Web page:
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Joint Wetlands Livelihoods project

Itad's approach was to catalyse and facilitate improved water governance. We worked at three levels: the whole river basin, the wetlands, and the community.


The north-east of Nigeria is a dry climate and access to water resources is key to survival. Our DFID-funded Joint Wetlands Livelihoods (JWL) project aimed to improve poor people’s livelihoods, particularly those dependent on wetlands.

The project

This project started life as a ‘livelihoods project’. But our diagnosis quickly found the problem was poor water management, particularly in the main rivers. This was due to gaps, overlaps and failures in the way water resources were governed and managed. The project became a water governance project. Partners and stakeholders for this project included the Federal and six State Ministries of Water Resources, of Environment and of Agriculture, as well as two River Basin Development Authorities, a system of traditional rulers (Emirs and Emirates), local government and other community and traditional leaders.

The focus of our work was the Hadejia-Nguru Wetlands, but we operated across the six States in the river basin: Bauchi, Borno, Jigawa, Kano, Kaduna, and Yobe.

The approach

Our approach was to catalyse and facilitate improved water governance by working with groups of stakeholders. We worked at three levels: the whole river basin (addressing water policy issues), the wetlands (addressing inter-State and water management and water sharing issues), and the community (addressing resource use planning for water use along shared water channels and streams). We supported stakeholders from government, traditional authorities and civil society to form a platform or coalition that focused on their common water management issues. These groups directly intervened to improve water management and/or influenced decision makers to adjust policy and allocate government budget to integrated water resource management (IWRM) activities. The objective was for stakeholders to negotiate a new rules and organisations for river basin management that encompassed inclusive and transparent decision-making processes. The aim was also to improve water management that created new or restored opportunities for productive water use.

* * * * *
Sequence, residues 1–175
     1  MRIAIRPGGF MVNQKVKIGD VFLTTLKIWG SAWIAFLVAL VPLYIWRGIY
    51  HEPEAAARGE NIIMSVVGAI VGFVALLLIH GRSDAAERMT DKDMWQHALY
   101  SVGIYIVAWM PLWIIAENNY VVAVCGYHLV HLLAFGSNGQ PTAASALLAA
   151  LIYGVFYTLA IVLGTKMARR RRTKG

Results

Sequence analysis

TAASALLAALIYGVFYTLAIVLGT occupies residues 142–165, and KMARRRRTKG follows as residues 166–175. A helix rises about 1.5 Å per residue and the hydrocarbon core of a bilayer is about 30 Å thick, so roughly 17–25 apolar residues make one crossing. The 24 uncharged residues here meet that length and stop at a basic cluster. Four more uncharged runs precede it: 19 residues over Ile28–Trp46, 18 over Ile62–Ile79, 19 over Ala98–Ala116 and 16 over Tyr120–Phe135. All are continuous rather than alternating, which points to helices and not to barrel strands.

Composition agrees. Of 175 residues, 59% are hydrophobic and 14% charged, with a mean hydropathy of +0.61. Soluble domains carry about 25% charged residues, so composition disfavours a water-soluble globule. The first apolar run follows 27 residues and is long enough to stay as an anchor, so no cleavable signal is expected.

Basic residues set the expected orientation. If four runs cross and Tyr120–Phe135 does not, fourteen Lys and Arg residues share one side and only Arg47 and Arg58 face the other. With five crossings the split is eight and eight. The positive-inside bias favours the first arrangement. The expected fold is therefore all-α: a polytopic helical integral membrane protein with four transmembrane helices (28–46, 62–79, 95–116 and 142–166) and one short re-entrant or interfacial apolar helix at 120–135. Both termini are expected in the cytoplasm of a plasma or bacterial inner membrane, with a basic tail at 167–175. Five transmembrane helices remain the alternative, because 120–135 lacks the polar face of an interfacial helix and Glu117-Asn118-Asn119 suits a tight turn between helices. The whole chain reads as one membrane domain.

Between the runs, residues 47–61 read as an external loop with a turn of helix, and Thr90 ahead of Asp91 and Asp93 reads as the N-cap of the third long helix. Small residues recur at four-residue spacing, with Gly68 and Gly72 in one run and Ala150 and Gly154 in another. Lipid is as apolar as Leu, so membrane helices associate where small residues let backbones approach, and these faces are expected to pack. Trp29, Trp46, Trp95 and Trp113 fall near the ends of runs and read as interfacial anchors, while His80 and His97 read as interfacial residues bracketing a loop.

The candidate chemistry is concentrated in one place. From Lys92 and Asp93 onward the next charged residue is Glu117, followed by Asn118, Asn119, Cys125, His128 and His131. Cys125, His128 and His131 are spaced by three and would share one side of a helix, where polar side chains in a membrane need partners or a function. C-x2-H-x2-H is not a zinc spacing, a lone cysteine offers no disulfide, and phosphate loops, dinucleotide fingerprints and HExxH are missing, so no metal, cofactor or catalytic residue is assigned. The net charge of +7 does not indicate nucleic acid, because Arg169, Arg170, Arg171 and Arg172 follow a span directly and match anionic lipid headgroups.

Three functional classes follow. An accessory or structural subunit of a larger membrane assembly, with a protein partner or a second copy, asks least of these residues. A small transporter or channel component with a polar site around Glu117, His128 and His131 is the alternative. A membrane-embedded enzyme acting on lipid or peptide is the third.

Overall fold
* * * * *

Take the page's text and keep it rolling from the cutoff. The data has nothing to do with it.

Putting the approach into practice

Overall, JWL put DFID’s ‘Drivers of Change’ approach into practice. It was one of the first projects in Nigeria to use the ‘issue-based approach’ to improving governance. It worked with both civil society (the demand side) and government (the supply side) on a shared concern. JWL recognised that improved water management needed to succeed in two areas: (1) creating better rules and (2) the physical capability to manage water according to new rules. We supported the establishment of a multi-community organisation, the Wetlands Development Initiative, to coordinate and conduct water management activities, and six State Integrated Water Resources Management Committees.

Our policy level work successfully supported partners to lobby Nigeria’s government (the Presidency and six State Governors) to invest in better water management in the river basin. During the life of the project, Nigeria committed $15 million to create a Komadugu-Yobe River Basin Trust Fund to fund small-scale water management improvement projects, such as dredging, reed clearance and sluice gates. Our JWL project manager became the Technical Secretary to the Trust Fund at the end of the project.

Project publications and articles relating to Joint Wetlands Livelihoods

  • Institutional Failures in the Management of Critical Water Resources: The Case of the Komadugu-Yobe Basin in Nigeria
Team members